Friday, August 20, 2021

MOCA Toronto 2021

The Toronto Museum of Contemporary Art is open and I'm pretty sure there is a lot of art type stuff in there, so keep it in mind if you want to get out again and do stuff. MOCA reopened on July 23 and you can always check out the first floor for free, then get your tickets and check out the rest of the building. Currently on the ground floor is Kapwani Kiwanga's Flowers for Africa, Archipelago by Michael Lin and a sound installation by Florence Yee and Joy Wong called yeet nao.
Archipelago by Michael Lin

Michael Lin: Archipelago (November 19, 2020 — August 29, 2021)
From MOCA's website "Michael Lin’s unconventional paintings invite visitors to position themselves within an artwork and to reconsider their perception of the space around them. His works take their inspiration from everyday fabrics—pillows, blankets, and other domestic textiles. The juxtaposition of Lin’s florals against stark, institutional architecture—especially at MOCA, a former auto factory—creates spaces that feel both softer and more tranquil. The motifs included in this installation come from Taiwanese, Indonesian, and Hawaiian-inspired textiles."

The museum is open Wednesday to Sunday and is located at 158 Sterling Rd #100, Toronto, ON M6R 2B7. The hours are Wednesday 11 am–6 pm, Thursday 11 am–6 pm, Friday 11 am–9 pm, Saturday 11 am–6 pm and Sunday 11 am–6 pm.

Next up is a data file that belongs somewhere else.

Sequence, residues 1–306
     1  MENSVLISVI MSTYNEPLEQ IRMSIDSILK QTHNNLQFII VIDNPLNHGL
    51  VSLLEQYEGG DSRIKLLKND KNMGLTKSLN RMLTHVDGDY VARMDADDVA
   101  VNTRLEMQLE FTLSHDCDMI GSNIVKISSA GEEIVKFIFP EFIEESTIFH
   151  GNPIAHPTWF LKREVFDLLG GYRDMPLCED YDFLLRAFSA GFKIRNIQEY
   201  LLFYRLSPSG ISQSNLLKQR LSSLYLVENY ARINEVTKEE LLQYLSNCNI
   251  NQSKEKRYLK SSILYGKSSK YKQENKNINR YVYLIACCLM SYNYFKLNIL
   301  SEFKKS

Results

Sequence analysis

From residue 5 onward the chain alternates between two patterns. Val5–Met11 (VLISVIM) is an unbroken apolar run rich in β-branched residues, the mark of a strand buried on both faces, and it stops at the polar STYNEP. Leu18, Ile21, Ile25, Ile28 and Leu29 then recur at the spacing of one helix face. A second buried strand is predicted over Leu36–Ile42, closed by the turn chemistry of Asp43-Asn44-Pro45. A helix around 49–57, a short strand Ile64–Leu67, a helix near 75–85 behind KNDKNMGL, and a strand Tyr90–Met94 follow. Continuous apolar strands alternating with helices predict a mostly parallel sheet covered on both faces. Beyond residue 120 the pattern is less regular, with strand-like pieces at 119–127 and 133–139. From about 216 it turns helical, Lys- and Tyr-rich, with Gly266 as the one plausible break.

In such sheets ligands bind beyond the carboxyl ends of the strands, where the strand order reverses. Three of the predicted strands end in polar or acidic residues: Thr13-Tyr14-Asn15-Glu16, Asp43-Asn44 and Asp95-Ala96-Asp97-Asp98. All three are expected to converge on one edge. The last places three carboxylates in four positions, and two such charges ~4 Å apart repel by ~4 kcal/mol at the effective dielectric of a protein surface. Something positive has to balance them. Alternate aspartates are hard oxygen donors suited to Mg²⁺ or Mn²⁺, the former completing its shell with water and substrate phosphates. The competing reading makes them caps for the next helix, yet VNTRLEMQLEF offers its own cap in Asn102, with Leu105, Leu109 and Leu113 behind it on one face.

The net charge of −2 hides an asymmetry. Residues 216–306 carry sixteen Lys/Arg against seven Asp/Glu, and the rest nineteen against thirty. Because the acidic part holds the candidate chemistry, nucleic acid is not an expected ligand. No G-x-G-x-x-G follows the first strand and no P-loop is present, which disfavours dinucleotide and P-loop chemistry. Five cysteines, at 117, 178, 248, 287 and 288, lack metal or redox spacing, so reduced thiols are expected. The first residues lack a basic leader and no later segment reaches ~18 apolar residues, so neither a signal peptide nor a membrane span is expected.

Flowers for Africa by Kapwani Kiwanga

Kapwani Kiwanga: Flowers for Africa (July 23, 2021 — August 29, 2021)

From the MOCA website, "For this body of ongoing work, Kapwani Kiwanga conducted iconographic research that focused on the presence of flowers at diplomatic events linked to the independence of African countries. Placed on negotiation tables and on podiums during speeches, these floral compositions become ambiguous witnesses to these historic moments. Destined to wilt over the course of their display, these flowers invite us to reflect on time, beyond the idea of the monument and the commemoration, in order to continue in the tradition of vanitas art."
The original 1919 industrial building has been repurposed to provide "Art for our sake".

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